Hong Kong is famous for a lot of things. Being an inexpensive city isn’t one of them. Nevertheless, experiencing east-meets-west with big city glitz doesn’t have to cost a fortune.
As a destination known for making the most of the limited space and for having one of the world’s most fiercely competitive food scenes, bargains mostly certainly do abound. In fact, some of the coolest things about any visit to Hong Kong happen in the street and, if not actually free, they are negligible in price.
Allow us to lay out a few ideas to help you save money on during your trip with some tips on where to stay and how to play on a limited budget. We’re assuming you already have your airfare taken care of and that you won’t be renting a car. The local currency is the Hong Kong Dollar (HK$) with an exchange rate of (at the time this post was written) HK$7.8125 to 1 United States Dollar (US$).
For the most affordable accommodation that’s safe and clean, hostels and guesthouses are the way to go. These can be as low in price as US$25 a night, but the best guesthouses tend to run about US$50-60. With respect to location, your two main options are Hong Kong Island (the southern section that’s the historical center of the city) and Kowloon (an area of the peninsula just across Victoria Harbour from Hong Kong Island’s northern shore). You’ll find more budget-friendly options in Kowloon with a mix of hostels, guesthouses, and mid-range hotels.
If you love eating street food and experiencing a place like the locals do, you’ll have a delicious time in Hong Kong on even the most modest of budgets. Hoping to spend US$5 or less for a filling and tasty breakfast or lunch isn’t an unreasonable aspiration and a quality dinner doesn’t have to cost much more. Fun to explore and as authentic as it comes in Hong Kong, the city’s outdoor markets are perfect for trying cheap eats (and drinks) while getting a feel for daily doings of local folks. Some of the best dai pai dongs (open-air food stalls) are at Graham Street, Fa Yeun Street, Li Kung Street and Temple Street.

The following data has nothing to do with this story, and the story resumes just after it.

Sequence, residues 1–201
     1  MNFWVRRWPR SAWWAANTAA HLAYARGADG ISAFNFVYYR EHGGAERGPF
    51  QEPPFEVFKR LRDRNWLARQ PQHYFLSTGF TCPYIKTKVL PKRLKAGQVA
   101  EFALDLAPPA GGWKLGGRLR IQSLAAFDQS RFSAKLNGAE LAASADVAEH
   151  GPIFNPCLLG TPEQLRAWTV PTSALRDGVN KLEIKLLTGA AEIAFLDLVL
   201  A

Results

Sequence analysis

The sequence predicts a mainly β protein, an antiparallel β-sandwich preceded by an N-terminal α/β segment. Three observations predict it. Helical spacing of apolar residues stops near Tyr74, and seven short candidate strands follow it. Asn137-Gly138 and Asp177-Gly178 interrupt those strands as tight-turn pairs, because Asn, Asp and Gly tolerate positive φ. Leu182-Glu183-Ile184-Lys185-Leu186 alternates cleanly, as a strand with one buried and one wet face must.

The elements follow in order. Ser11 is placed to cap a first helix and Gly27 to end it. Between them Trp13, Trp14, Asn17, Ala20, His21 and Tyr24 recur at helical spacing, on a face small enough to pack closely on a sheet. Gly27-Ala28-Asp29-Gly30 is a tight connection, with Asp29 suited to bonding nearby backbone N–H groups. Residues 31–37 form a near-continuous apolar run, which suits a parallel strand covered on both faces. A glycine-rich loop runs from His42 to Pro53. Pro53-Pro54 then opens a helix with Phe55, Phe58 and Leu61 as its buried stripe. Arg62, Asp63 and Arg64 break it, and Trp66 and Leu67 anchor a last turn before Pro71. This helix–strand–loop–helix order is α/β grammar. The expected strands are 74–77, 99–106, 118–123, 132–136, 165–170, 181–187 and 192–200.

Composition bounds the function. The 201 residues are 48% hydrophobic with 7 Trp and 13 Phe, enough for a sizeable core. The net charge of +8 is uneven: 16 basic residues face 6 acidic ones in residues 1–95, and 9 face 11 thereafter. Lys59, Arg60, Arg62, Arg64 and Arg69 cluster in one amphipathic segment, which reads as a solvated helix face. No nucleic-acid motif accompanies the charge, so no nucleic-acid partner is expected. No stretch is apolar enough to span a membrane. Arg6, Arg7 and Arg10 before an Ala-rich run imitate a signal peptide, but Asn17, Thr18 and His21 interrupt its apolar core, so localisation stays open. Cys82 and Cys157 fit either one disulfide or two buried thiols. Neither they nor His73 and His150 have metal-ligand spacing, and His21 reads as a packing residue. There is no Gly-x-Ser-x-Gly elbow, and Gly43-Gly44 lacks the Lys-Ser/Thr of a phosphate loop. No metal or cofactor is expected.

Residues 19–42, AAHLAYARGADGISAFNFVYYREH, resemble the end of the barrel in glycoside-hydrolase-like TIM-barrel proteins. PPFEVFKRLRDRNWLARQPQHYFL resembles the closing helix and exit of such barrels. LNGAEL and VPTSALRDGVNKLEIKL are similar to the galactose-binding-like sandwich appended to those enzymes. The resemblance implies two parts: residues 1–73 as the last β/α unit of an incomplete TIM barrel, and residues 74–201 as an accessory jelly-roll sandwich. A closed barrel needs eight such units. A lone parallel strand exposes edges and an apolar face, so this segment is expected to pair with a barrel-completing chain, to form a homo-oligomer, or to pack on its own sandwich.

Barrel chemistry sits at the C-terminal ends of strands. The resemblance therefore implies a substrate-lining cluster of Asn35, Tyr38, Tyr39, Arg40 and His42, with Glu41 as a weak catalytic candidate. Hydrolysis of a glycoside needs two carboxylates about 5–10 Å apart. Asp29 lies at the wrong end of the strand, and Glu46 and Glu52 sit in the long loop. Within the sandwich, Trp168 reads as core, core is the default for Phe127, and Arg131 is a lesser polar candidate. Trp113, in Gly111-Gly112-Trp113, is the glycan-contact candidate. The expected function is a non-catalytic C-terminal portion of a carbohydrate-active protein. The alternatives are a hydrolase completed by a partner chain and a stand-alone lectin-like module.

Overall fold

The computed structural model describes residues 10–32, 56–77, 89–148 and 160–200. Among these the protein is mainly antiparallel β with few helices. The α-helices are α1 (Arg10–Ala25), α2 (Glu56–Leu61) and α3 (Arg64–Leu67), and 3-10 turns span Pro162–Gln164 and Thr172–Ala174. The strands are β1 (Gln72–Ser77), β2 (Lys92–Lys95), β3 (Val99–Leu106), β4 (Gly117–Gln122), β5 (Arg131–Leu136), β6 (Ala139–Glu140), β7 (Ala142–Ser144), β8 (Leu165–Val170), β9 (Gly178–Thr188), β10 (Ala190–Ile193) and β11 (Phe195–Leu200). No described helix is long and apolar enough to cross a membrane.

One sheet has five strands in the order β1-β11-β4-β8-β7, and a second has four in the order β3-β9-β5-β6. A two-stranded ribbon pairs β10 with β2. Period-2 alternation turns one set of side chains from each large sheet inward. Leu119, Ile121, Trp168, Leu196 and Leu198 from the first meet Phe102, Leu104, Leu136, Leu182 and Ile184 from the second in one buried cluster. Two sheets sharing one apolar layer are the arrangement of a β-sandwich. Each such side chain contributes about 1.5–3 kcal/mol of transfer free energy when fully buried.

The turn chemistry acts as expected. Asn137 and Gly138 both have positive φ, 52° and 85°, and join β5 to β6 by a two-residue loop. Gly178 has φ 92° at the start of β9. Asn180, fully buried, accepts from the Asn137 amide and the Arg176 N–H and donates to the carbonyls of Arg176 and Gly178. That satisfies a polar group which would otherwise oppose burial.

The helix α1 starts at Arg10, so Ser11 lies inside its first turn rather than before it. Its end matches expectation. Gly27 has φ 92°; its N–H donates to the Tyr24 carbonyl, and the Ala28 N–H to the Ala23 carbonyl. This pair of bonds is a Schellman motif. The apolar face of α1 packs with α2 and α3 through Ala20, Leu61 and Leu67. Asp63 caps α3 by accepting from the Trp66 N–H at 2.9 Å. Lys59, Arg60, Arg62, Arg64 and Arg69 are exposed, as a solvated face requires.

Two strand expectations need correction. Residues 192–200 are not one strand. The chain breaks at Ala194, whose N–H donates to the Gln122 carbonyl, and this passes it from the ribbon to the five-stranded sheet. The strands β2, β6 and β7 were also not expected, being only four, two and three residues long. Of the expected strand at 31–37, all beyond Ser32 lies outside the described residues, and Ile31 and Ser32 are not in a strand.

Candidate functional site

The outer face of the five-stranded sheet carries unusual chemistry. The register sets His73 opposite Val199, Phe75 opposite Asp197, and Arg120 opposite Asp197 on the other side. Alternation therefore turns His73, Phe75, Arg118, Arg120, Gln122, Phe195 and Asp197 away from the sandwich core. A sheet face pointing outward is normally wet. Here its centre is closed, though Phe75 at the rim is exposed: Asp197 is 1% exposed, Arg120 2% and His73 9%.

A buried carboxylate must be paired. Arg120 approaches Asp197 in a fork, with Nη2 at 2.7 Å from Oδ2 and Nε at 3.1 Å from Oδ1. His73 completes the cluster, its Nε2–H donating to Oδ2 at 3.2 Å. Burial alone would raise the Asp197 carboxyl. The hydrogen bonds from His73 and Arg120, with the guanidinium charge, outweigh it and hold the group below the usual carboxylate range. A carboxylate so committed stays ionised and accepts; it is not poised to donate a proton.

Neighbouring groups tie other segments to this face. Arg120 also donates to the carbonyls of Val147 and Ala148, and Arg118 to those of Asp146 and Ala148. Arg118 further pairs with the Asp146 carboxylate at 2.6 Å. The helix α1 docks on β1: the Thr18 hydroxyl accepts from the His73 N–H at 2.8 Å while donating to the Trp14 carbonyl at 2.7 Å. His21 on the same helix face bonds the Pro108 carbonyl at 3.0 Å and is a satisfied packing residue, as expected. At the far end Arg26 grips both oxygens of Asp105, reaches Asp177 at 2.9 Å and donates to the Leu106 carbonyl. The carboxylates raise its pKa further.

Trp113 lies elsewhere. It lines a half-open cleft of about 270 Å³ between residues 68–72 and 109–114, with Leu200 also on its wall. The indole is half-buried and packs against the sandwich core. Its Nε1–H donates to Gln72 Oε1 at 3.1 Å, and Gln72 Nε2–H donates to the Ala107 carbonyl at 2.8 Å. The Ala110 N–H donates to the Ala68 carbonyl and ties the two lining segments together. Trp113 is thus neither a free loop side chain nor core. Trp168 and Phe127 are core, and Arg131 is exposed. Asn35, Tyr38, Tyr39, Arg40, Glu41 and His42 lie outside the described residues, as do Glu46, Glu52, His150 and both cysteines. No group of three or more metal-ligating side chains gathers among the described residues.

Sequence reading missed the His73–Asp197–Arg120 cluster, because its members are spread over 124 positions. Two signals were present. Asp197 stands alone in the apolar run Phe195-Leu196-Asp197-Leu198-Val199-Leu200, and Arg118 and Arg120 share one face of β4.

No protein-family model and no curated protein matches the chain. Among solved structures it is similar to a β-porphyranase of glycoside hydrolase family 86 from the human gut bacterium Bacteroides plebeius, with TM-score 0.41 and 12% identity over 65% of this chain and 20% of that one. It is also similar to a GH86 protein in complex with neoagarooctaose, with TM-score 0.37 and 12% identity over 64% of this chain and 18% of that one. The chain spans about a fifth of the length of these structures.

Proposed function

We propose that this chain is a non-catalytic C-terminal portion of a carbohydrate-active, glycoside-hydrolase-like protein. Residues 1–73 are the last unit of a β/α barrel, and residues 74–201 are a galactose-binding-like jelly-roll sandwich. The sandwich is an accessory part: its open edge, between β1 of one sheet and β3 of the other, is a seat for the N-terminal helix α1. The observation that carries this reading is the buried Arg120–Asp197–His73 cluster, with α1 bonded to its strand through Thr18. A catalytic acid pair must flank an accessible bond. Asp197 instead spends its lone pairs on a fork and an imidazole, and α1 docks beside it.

For those who simply must splurge while traveling but still want to be thrifty about it, consider going all out for one of Hong Kong’s celebrated buffets. From unlimited servings of dim sum and classic Cantonese dishes to a mix of Chinese and Western favorites, the best buffets can run US$75 or more, but there are amazing buffets that are under US$20. Whatever the case, they’re an experience in and of themselves. Plus if you go on the early side (weekend brunch is most typical), you won’t need to eat another meal for the rest of the day. On the lower end of the price spectrum – but much loved for choice and flavor of food – is the all-you-can-eat Super Sunday buffet at 798 Unit & Co on Hau Fook Street.
The best way to navigate Hong Kong’s streets, especially if you’re on a budget, is on foot or via public transportation. You’ll be hard-pressed to spend more than $US10 no matter how much you want to zip around. When you’re there, be sure to get an Octopus card, an electronic card you can use to access most public transportation. It can be purchased at convenience stores, fast food restaurants, supermarkets and stations across the city. For visitors, there are two cards to choose. One is the Sold Tourist Octopus card (HK$39) and the On-Loan Octopus card with a refundable deposit of HK$50. The Octopus can also be used for free entry and discounts at attractions, restaurants, and shops.
Attractions and Sightseeing
Many of the best attractions in Hong Kong are free or have a nominal admission fee. For awesome views of and from the Victoria Harbour, there’s the Star Ferry, which has been used by commuters to get back and forth for over a hundred years and offers a seven-minute crossing that costs pennies (they also have several full tours of the harbour that run from US$12-26. Another fantastic view option is to take the tram to the top of The Peak on Hong Kong Island, which costs around US$11 (or you can use your Octopus card). History and culture buffs should note that admission to many museums in Hong Kong is free every Wednesday. The extremely popular Happy Valley horse races also take place every Wednesday (although they’re usually at night) and a ticket only costs a couple of bucks.
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